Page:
December 17, 2002 |
Researchers drilling into Lake Vida, an Antarctic “ice-block” lake, have found the lake isn’t really an ice block at all. In the December 16 issue of the Proceedings of the National Academy of Sciences, the team reveals that Antarctic Lake Vida may represent a previously unknown ecosystem, a frigid, “ice-sealed,” lake that contains the thickest non-glacial lake ice cover on Earth and water seven times saltier than seawater. Because of the arid, chilled environment in which it resides, scientists believe the lake may be an important template for the search for evidence of ancient microbial life on Mars and other icy worlds.From the Proceedings of the National Academy of Sciences:Researchers Uncover Extreme Lake — and 3000-Year-Old Microbes — in Mars-Like Antarctic Environment
NSF-supported researchers drilling into Lake Vida, an Antarctic “ice-block” lake, have found the lake isn’t really an ice block at all. In the December 16 issue of the Proceedings of the National Academy of Sciences, the team reveals that Antarctic Lake Vida may represent a previously unknown ecosystem, a frigid, “ice-sealed,” lake that contains the thickest non-glacial lake ice cover on Earth and water seven times saltier than seawater.
Because of the arid, chilled environment in which it resides, scientists believe the lake may be an important template for the search for evidence of ancient microbial life on Mars and other icy worlds.
Researchers previously thought Vida was one of several Antarctic lakes that are frozen to their beds year-round. However, using ground-penetrating radar, ice core analyses, and long-term temperature data, the researchers now show that Vida has a thick light-blocking ice cover, a vast amount of ancient organic material and sediment, and a cold, super-salty, liquid zone underlying the ice — an environment that remains liquid at temperatures under -10?C, well below the freezing point of pure water.
Peter Doran of the University of Illinois at Chicago conducted the research along with colleagues at the Desert Research Institute in Reno, Nevada; NASA’s Ames Research Center in Moffett Field, California; and Montana State University in Bozeman.
The researchers extracted two ice cores from Lake Vida in early Antarctic spring (October) 1996. With an electromechanical drill, team members spent two weeks at temperatures below -35?C drilling a 10-cm-diameter core through 16-m of ice cover.
The researchers filled both of the holes with deionized water (to seal the columns with an ice plug), emplacing temperature measuring instruments in one of the shafts.
“The sediment within the ice made coring extremely difficult and required frequent bit changes and a complete motor replacement at one stage,” said John Priscu of Montana State University.
“It was some very cold drilling,” added Doran. “We were there for two weeks at temperatures approaching -40?C . . . camping. The drillers had a hard time getting through the sediment layers. They were used to drilling clean ice up on the polar plateau; the dirt in the ice tended to dull the cutting bits.”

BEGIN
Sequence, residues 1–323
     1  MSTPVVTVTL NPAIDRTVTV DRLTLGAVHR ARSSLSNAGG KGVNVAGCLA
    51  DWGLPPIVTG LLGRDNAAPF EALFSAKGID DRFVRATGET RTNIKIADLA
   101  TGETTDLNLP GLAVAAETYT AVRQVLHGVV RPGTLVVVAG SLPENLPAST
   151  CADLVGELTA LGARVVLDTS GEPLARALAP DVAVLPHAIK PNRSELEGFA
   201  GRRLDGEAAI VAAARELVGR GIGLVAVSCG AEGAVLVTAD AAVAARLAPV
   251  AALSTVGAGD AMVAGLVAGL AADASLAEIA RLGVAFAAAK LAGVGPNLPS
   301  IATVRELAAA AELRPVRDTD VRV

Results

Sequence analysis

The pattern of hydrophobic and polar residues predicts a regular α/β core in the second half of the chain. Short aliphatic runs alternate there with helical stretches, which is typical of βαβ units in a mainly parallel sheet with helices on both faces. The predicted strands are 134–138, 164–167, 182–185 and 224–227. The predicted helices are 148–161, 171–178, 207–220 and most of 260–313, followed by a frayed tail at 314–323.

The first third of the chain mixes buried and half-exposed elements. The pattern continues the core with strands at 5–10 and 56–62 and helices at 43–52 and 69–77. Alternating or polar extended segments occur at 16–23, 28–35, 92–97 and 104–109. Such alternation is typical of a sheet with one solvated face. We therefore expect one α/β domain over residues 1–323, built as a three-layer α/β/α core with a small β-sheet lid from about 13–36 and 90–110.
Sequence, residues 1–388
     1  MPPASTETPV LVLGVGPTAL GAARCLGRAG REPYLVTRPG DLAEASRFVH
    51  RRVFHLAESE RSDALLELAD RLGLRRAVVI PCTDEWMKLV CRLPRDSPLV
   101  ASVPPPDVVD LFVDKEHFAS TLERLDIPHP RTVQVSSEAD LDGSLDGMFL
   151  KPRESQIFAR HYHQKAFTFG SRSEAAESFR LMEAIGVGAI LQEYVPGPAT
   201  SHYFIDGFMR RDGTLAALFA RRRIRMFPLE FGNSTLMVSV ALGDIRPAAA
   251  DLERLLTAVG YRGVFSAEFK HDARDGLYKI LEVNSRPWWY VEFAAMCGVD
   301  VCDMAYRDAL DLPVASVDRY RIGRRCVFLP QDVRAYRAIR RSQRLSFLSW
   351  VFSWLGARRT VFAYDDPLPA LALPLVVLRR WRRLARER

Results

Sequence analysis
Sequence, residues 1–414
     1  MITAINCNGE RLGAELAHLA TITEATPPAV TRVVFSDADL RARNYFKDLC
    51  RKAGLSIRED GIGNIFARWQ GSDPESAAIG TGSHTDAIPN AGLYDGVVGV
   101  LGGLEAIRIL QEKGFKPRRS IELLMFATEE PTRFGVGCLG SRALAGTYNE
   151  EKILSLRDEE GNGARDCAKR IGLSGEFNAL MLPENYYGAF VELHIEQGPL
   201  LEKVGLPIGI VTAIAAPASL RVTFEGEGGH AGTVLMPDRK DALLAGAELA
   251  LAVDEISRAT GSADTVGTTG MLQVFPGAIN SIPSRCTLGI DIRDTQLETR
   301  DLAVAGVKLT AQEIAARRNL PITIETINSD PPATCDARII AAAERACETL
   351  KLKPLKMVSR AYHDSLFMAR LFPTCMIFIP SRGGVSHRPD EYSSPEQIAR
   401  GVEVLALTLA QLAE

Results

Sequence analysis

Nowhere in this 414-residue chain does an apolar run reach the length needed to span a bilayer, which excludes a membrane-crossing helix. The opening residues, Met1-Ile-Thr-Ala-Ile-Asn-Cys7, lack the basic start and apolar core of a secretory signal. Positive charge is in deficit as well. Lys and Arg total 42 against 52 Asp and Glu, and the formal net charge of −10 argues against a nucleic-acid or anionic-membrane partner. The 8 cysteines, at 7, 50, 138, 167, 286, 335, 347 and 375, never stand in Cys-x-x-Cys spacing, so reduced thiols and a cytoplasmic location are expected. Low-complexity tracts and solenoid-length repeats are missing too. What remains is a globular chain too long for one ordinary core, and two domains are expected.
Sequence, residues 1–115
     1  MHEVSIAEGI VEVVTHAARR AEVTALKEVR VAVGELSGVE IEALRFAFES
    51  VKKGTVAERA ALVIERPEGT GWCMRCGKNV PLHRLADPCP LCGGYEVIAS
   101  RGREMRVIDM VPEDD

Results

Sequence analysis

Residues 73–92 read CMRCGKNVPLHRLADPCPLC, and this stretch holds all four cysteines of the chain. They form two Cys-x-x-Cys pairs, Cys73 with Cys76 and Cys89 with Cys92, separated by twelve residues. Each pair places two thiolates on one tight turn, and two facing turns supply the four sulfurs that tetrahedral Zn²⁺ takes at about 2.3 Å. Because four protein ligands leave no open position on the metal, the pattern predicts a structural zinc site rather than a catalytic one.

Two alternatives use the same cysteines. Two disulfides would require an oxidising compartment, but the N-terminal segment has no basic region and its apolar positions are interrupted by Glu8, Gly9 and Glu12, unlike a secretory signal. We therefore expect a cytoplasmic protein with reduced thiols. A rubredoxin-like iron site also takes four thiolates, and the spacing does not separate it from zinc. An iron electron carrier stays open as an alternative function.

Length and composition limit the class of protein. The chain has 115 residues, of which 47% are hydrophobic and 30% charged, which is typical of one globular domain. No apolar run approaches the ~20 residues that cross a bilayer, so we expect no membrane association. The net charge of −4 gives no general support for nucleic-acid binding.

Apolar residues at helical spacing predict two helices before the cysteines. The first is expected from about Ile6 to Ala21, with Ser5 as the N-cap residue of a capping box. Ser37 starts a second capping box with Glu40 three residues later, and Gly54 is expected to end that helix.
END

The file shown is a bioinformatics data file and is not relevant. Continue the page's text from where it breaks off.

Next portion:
Despite these difficulties, said Priscu, the core segments collected provided new insights to a previously undescribed Antarctic ecosystem.
From the cores, the scientists found a layered chemical and biological history preserved in the ice, and revived viable microbes that are at least 2,800 years old.
“The ice covers of these lakes represent an oasis for life in an environment previously thought to be inhospitable,” said Priscu. “These life forms may possess novel ice-active substances such as antifreezes and ice nucleation inhibitors that allow the organisms to survive the freeze-thaw cycles and come back to life when exposed to liquid water,” he said.
“Importantly, the cold temperatures preserve DNA extremely well making them perfect ‘ice museums’ for the study of ancient DNA,” Priscu added. Research on the ancient DNA will provide an evolutionary and functional history of the microorganisms, he said, and he believes the findings might help scientists draw implications for the type of life that may exist in Lake Vostok, a huge lake which lies more than 4 km beneath the East Antarctic Ice Sheet.
Lake Vida, more than 5 km long, is one of the largest in the cold Antarctic desert region known as the McMurdo Dry Valleys. The area receives less than 10 cm of snow per year and the average annual temperature hovers around -30?C.
Using data from the ice sensors and from an automatic meteorological station on the shore of the lake, the researchers created a thermodynamic model to understand the complex melting and freezing processes within Vida.
The model provided a better understanding of the evolution of the ice cover and the underlying salt water. The freezing, growing ice cover concentrates the salt, thereby depressing the freezing point of the water, and extending the viability of a lake ecosystem.
“Lake Vida provides insight into a novel terrestrial ecosystem,” said Doran. “What happened at Lake Vida may have been the fate of other Antarctic lakes, during even colder times, and more tropical aquatic ecosystems during extreme global glaciations of the past, such as the ‘snowball Earth’ 550 Million years ago.”
The researchers believe that Lake Vida may also offer clues to likely environments for finding signs of ancient, Martian, microbial life. Said Doran, “Mars is believed to have a water rich past, and if life developed, a Lake Vida-type ecosystem may have been the final niche for life on Mars before the water bodies froze solid.”
The research was carried out as part of NSF’s McMurdo Long Term Ecological Research (LTER) project, and was also funded in part by NASA’s Exobiology program.